“So far, the company is on the fast track to success with its first round of investing completed and over target, and the second round just getting started. It looks like this thing is going to fly in 2019! For an astrophotography lover like myself, I can’t think of anything more ground breaking than a consumer controlled space telescope.
“What Space Fab is doing is rewriting not just how we think about ways in which to do land surveys or deep space imaging, but actually redefining the way we are able interact with satellites by giving the common user a level of control over the movements and functionality of the unit itself with something as simple as a cell phone.”
Looking ahead, Space Fab is also busy developing the technology that will allow them to mine asteroids and tap the abundant resources of the Solar System. The company recently filed a patent for their ion accelerator, which is designed to augment the thrust from existing cubesat-sized ion engines.
The company is also focused on creating advanced robotic arms that will be able to wrestle with space debris and repair themselves in the event of mechanical failure or damage. In the meantime, the Waypoint is the first of several space telescopes that Space Fab hopes to deploy in order to generate revenue for these ventures.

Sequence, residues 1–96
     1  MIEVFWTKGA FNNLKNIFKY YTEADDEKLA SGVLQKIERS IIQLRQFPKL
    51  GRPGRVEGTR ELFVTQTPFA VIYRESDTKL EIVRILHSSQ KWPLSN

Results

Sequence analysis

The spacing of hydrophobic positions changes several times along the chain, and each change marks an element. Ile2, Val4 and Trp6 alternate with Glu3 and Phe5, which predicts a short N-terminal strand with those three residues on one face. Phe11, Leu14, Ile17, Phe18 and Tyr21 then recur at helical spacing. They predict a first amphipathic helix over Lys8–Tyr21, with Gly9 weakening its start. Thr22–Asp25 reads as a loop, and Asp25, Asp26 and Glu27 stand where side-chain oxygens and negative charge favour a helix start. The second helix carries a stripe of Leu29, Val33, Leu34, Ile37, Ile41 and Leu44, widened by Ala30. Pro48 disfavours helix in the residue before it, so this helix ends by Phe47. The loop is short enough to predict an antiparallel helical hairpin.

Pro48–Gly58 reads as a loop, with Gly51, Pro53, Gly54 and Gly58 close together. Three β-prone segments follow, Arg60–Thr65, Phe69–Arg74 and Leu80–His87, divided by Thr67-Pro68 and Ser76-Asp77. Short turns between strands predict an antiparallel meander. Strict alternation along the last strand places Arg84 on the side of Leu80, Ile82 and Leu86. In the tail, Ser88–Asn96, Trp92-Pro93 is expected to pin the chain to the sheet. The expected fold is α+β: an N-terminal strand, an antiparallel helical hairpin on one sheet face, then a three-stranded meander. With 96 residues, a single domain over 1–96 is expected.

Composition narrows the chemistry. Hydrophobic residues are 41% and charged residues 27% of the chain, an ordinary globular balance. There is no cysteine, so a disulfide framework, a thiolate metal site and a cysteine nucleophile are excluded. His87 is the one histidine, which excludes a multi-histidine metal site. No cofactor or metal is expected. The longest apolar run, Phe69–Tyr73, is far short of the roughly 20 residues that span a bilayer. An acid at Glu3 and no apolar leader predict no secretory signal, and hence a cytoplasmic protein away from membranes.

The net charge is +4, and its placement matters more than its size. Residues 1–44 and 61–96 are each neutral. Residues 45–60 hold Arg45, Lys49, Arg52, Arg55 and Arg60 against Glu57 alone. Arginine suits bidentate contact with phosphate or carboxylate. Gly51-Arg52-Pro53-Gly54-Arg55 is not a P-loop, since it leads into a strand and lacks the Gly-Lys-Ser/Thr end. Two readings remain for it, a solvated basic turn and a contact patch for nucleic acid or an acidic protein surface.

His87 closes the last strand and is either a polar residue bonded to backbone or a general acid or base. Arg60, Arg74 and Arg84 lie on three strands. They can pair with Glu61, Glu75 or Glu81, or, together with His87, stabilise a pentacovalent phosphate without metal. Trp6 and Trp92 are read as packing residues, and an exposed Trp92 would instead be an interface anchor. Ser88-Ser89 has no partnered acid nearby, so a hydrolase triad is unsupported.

“Our space telescopes will be open to everyone, so that is the beginning,” said League. “The revenue these satellites will generate provides us with the funds and knowledge base to conduct metal asteroid mining and manufacturing on a large scale. This will allow the manufacture of large structures, spacecraft, tools or anything thing else that is needed in space. With these available resources, our hope is to accelerate the space economy and colonization.”
In this respect, Space Fab is in good company when it comes to the age of NewSpace. Alongside big-names like SpaceX, Blue Origin, Planetary Resources, and Deep Space Industries, they are part of a constellation of companies that are looking to make space accessible and usher in an age of post-scarcity. And with the help of the general public, they just might succeed!
Further Reading: SpaceFab,
Source: Universe Today, by Matt Williams.